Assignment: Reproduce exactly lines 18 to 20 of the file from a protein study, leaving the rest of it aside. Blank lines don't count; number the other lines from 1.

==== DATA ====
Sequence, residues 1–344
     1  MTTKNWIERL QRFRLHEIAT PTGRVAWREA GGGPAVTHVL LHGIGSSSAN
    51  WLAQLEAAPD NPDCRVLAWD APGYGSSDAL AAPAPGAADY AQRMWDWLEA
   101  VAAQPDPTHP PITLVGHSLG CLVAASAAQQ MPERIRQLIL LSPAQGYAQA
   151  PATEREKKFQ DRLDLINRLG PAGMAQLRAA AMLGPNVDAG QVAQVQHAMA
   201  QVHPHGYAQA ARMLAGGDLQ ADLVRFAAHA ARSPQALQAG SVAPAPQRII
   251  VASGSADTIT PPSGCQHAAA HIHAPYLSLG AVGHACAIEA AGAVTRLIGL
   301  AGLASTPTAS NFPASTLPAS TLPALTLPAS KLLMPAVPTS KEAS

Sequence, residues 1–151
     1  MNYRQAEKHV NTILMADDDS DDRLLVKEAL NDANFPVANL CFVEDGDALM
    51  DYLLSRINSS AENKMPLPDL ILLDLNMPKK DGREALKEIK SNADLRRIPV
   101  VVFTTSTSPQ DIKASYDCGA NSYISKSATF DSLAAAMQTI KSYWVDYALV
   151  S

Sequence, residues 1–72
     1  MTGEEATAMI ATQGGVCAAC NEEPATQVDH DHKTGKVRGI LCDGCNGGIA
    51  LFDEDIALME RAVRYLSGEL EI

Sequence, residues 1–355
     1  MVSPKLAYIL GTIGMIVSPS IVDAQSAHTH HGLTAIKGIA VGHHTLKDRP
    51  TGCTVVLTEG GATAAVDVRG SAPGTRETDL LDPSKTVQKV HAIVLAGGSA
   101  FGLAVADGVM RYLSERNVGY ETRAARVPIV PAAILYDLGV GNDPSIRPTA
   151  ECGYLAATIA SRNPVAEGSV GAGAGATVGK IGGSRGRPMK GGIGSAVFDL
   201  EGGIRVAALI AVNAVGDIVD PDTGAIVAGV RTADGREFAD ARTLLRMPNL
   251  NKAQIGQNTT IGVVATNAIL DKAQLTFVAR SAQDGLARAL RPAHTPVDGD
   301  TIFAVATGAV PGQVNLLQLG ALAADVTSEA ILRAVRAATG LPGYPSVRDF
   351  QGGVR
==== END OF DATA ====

     1  MVSPKLAYIL GTIGMIVSPS IVDAQSAHTH HGLTAIKGIA VGHHTLKDRP
    51  TGCTVVLTEG GATAAVDVRG SAPGTRETDL LDPSKTVQKV HAIVLAGGSA
   101  FGLAVADGVM RYLSERNVGY ETRAARVPIV PAAILYDLGV GNDPSIRPTA